The contest was such a hit that Bohannon started getting emails asking when the next would be—and Dance Your PhD has continued ever since. It's now in its 15th year. There are four broad categories: physics, chemistry, biology, and social science, with a fairly liberal interpretation of what topics fall under each. Winners were chosen from 28 entries submitted from 12 different countries. All category winners receive $500, while Marshall, as the overall champion, will receive an additional $2,000. And the contest has a new sponsor this year: Sandbox AQ , an Alphabet spinoff focused on tackling large problems by bringing together artificial intelligence and quantum technologies.

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      Kombucha tea inspires new “living material” for biosensing applications

      Jennifer Ouellette · news.movim.eu / ArsTechnica · Friday, 12 February, 2021 - 19:33 · 1 minute

    Brewing kombucha tea. Note the trademark gel-like layer of SCOBY (symbiotic culture of bacteria and yeast).

    Enlarge / Brewing kombucha tea. Note the trademark gel-like layer of SCOBY (symbiotic culture of bacteria and yeast). (credit: Olga Pankova/Getty Images)

    Kombucha tea is all the rage these days as a handy substitute for alcoholic beverages and for its supposed health benefits. The chemistry behind this popular fermented beverage is also inspiring scientists at MIT and Imperial College London to create new kinds of tough "living materials" that could one day be used as biosensors, helping purify water or detect damage to "smart" packing materials, according to a recent paper published in Nature Materials.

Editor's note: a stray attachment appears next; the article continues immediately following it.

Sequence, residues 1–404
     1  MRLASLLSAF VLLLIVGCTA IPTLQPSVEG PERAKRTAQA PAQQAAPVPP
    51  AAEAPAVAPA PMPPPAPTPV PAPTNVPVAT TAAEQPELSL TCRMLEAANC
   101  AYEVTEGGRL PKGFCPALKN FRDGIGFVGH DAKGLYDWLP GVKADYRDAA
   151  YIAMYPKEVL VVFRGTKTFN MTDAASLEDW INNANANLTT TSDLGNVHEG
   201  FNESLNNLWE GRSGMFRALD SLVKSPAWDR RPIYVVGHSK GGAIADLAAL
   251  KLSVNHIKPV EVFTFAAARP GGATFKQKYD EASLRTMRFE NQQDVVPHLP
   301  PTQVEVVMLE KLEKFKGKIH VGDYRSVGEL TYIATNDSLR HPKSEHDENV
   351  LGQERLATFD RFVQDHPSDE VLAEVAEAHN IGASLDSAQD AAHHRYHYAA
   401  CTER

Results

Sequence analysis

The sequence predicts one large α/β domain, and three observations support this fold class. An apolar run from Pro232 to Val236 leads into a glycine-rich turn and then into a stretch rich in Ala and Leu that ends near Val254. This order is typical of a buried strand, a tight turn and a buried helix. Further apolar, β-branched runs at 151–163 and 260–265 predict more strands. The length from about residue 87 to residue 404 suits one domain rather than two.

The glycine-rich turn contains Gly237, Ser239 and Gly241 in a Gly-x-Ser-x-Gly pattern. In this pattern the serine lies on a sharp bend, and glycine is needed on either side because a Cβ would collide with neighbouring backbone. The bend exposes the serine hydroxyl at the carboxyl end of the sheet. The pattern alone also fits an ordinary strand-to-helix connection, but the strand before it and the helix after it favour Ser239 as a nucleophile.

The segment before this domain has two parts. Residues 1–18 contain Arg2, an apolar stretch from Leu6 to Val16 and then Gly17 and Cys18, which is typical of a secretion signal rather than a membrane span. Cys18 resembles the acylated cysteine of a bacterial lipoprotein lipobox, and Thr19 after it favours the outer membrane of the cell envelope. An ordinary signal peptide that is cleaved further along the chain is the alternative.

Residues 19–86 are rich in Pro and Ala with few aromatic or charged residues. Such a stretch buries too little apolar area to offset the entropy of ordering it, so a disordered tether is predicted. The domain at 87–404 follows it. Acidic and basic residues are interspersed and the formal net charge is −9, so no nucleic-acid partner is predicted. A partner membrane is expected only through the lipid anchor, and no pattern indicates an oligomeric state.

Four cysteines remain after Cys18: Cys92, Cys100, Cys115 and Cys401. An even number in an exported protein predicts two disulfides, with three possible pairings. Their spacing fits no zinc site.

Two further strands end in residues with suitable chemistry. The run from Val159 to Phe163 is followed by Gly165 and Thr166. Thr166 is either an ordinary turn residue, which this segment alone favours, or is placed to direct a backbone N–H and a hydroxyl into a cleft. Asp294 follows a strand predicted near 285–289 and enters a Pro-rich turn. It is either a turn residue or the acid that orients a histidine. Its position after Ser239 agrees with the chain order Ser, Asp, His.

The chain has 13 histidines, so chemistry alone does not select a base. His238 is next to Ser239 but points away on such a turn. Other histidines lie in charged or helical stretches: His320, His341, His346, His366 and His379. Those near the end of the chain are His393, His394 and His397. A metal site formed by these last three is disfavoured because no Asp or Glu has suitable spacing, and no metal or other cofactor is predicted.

You only need three basic ingredients to make kombucha . Just combine tea and sugar with a kombucha culture known as a SCOBY (symbiotic culture of bacteria and yeast), aka the "mother," also known as a tea mushroom, tea fungus, or a Manchurian mushroom. (It's believed that kombucha tea originated in Manchuria, China, or possibly Russia.) It's basically akin to a sourdough starter. A SCOBY is a firm, gel-like collection of cellulose fiber (biofilm), courtesy of the active bacteria in the culture, creating the perfect breeding ground for the yeast and bacteria to flourish. Dissolve the sugar in non-chlorinated boiling water, then steep some tea leaves of your choice in the hot sugar water before discarding them.

    Once the tea cools, add the SCOBY and pour the whole thing into a sterilized beaker or jar. Then cover the beaker or jar with a paper towel or cheesecloth to keep out insects, let it sit for two to three weeks, and voila! You've got your own home-brewed kombucha. A new "daughter" SCOBY will be floating right at the top of the liquid (technically known in this form as a pellicle). But be forewarned: it's important to avoid contamination during preparation because drinking tainted kombucha can have serious, even fatal, adverse effects . And despite claims that drinking kombucha tea can treat aging, arthritis, cancer, constipation, diabetes, or even AIDS, to date there is no solid scientific evidence to back those claims.

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      Rather than copying Titan, Pluto’s haze may have different origin

      Scott K. Johnson · news.movim.eu / ArsTechnica · Monday, 28 December, 2020 - 16:29 · 1 minute


    Enlarge / Pluto's atmosphere is fairly hazy. (credit: NASA )